On June 30, the Supreme Court made a significant decision that denied forgiveness of $430 billion in federal student loan balances for 20 million borrowers. This ruling also affected another 23 million borrowers which prompted Biden’s plan to address the problems of the borrowers.
Biden’s Plan After Supreme Court Rejects Student Debt Cancellation
In response to the Supreme Court’s rejection of student loan forgiveness on June 30, Education Secretary Miguel Cardona announced Biden’s plan to address student loan debt before July 1, 2024, when new borrower regulations will come into full effect, a published news article reported.
Secretary Cardona unveiled the Saving on A Valuable Education (SAVE) plan as the most affordable repayment plan in history. This plan aims to reduce monthly payments to zero dollars for low-income borrowers, saving other borrowers at least $1,000 per year and curbing excessive interest accumulation that leaves borrowers owing more than their initial loan amount.
Under SAVE, borrowers who enroll in the plan and fulfill their payment obligations will no longer see their loans grow due to unpaid interest.
Approximately 70% of borrowers who were already on income-driven repayment (IDR) plans before the payment pause will witness their payments on undergraduate loans halved compared to other IDR plans. This measure ensures that borrowers’ balances do not increase as long as they meet the required payments.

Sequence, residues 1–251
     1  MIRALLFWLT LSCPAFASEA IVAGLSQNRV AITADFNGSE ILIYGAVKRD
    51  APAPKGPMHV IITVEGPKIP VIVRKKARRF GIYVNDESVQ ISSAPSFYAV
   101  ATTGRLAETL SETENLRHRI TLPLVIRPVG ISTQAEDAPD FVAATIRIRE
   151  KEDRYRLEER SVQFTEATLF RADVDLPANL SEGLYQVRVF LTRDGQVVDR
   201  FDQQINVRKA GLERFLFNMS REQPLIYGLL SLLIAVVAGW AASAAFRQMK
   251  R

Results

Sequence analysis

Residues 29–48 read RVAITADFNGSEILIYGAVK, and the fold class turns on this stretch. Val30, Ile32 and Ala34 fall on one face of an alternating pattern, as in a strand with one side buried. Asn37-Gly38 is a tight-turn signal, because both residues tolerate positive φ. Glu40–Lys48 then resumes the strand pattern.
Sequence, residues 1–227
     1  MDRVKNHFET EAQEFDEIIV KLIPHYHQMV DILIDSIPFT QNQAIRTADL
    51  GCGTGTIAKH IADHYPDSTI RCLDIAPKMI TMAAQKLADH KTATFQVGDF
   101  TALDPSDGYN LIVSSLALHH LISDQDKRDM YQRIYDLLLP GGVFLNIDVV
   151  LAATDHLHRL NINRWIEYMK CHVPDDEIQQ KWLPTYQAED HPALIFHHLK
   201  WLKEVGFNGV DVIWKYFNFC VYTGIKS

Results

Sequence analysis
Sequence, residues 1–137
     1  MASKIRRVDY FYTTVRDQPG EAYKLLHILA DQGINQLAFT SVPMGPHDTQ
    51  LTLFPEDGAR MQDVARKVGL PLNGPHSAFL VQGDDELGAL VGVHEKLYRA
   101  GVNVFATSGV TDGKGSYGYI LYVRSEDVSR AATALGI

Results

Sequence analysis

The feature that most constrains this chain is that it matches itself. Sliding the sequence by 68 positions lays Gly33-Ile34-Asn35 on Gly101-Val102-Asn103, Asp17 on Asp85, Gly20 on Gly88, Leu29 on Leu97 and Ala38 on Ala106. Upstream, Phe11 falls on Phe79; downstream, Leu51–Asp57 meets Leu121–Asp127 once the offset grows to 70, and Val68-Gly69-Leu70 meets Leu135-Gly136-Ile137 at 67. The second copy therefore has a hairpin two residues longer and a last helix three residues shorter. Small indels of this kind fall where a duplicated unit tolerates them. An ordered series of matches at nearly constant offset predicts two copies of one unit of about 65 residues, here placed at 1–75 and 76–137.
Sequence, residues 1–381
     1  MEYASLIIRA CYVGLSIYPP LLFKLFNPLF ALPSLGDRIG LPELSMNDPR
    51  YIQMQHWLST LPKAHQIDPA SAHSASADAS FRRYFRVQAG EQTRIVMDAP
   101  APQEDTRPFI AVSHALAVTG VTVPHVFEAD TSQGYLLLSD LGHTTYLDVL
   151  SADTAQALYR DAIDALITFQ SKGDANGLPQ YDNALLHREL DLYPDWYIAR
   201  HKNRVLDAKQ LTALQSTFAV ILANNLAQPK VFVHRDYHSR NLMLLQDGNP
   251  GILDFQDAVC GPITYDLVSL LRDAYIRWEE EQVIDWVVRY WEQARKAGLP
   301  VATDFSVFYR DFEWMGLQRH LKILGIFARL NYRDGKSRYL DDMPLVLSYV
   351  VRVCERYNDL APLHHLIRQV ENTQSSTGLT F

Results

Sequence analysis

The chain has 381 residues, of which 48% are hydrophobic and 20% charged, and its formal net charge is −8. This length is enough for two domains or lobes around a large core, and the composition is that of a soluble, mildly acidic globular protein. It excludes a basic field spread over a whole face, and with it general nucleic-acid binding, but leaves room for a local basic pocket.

SAVE incorporates adjustments based on borrowers’ family status and incomes. For instance, single borrowers earning less than $15 an hour or $32,805 annually will be exempt from making any payments. Borrowers with a family of four can earn up to $67,500 without owing any payments.
Married borrowers who file their taxes separately will no longer need to include their spouse’s income in their payment calculation for SAVE.
Additionally, their spouse will be excluded from their family size calculation when determining IDR payments, simplifying the repayment plan selection for borrowers.
Borrowers with incomes above these thresholds under Biden’s plan will save over $1,000 annually on their payments compared to other IDR plans.
Biden’s Plan: New Benefits from SAVE Plan
Starting from July next year, the SAVE plan will introduce additional benefits, including:
- Borrowers will pay a weighted average of 5-10% of their income based on the original principal balances of their loans if they have both undergraduate and graduate loans.
- Borrowers whose original principal balance was $12,000 or less will qualify for forgiveness after 120 payments, equivalent to 10 repayment years. Up to a maximum of 20 or 25 years, an additional 12 payments will be required for every additional $1,000 borrowed beyond that threshold.
- Borrowers in default will have access to the existing income-based repayment (IBR) plan, enabling them to make lower payments and work toward forgiveness while they strive to exit default. Those in default who provide income information demonstrating a $0 payment at the time of default will automatically be reinstated to good standing, granting them access to the SAVE plan.
The full details of the SAVE plan can be found at: https://www2.ed.gov/policy/highered/reg/hearulemaking/2021/idrfactsheetfinal.pdf.